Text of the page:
WASHINGTON -- The U.S. Senate passed a $1.1 trillion spending bill after a 24-hour logjam prompted by opposition to moving nominations. The vote removes the possibility of a government shutdown until October 2015. President Barack Obama is expected to sign it quickly.
The bill passed the Senate 56-40, with both bipartisan support and opposition.
The bill doesn’t fund the Department of Homeland Security, which retains the possibility of being shut down if Congress doesn’t again pass funding for the agency before Feb. 27. The move not to fund DHS is part of a Republican strategy to try to pressure Obama to reverse executive orders in which he granted legal status to about 5 million undocumented immigrants.
The Senate finished voting just after 10 p.m. Saturday in a rare weekend session. It was preceded by 10 hours of procedural votes on nominations, which Majority Leader Harry Reid forced while the spending bill was tied up by procedural opposition.
It was a long slog for the spending bill, which faced bipartisan opposition both in the House and Senate.
The final hurdle was a move by Sen. Ted Cruz, R-Texas, to force a vote on its constitutionality. Cruz argued because the spending measure will fund the execution of Obama’s executive orders, it’s unconstitutional.
“Tonight, is the first opportunity that Congress has to express its disapproval,” Cruz said in calling for the vote. “Tonight both Democrats and Republicans will have the opportunity to show America whether they stand with the president who is defying the will of the voters or with the millions of Americans who want a safe and legal immigration system.”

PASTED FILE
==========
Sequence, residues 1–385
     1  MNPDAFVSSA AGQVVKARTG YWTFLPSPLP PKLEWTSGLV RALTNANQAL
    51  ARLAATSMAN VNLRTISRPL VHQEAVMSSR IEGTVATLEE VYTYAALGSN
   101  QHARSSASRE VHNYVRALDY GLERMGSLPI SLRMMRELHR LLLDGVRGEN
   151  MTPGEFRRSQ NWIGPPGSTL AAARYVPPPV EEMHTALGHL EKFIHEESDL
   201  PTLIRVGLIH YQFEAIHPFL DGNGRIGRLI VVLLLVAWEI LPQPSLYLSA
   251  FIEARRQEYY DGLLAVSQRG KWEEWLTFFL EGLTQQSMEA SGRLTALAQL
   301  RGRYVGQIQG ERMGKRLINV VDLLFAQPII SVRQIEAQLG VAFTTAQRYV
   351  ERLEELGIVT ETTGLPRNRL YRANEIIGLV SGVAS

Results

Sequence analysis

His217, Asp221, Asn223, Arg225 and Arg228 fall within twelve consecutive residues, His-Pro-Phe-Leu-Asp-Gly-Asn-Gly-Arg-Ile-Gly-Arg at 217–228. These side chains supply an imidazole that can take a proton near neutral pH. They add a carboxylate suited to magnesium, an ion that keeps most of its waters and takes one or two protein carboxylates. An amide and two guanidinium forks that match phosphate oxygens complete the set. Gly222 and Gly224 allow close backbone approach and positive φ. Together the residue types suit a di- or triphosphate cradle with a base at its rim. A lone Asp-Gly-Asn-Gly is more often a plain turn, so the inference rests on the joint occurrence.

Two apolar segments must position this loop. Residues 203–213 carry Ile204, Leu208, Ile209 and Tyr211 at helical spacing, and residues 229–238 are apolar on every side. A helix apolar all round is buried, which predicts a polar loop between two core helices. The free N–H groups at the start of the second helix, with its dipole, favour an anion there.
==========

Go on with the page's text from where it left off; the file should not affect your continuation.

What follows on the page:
The move was largely political theater. It was clear that there wouldn’t be enough votes to actually block the legislation. But Cruz’s insistence that the vote be taken caused a nearly 24 hour delay in allowing a vote on the bill and kept the Senate in an unusual Saturday night session.
But Cruz failed to get enough support to actually cause problems for the bill. The vote on his constitutional point of order failed 74-22, with only Republicans voting with Cruz.
Cruz wasn’t the only one unhappy with the legislation. A handful of liberal Democrats and conservative Republicans joined forces to voice their opposition to a provision in the bill that will roll back some Wall Street regulations that were included in the Dodd-Frank law.
Massachusetts Sen. Elizabeth Warren led the liberal wing of the opposition. A progressive darling, Warren has said many times she’s not interested in running for president. But when she took to the floor to blast the Dodd-Frank provision, she only served to inflame her supporters.
She failed to convince her leadership to allow a vote on an amendment to eliminate the Dodd-Frank provision. Doing so would have almost certainly caused a government shutdown because the House had already left town for the holidays.
Earlier in the week, it appeared the spending bill was going to move through Congress quickly after a bipartisan, bicameral group negotiated its content. But it first hit problems in the House where six hours of last-minute negotiations Thursday and phone calls from the president finally ensured passage.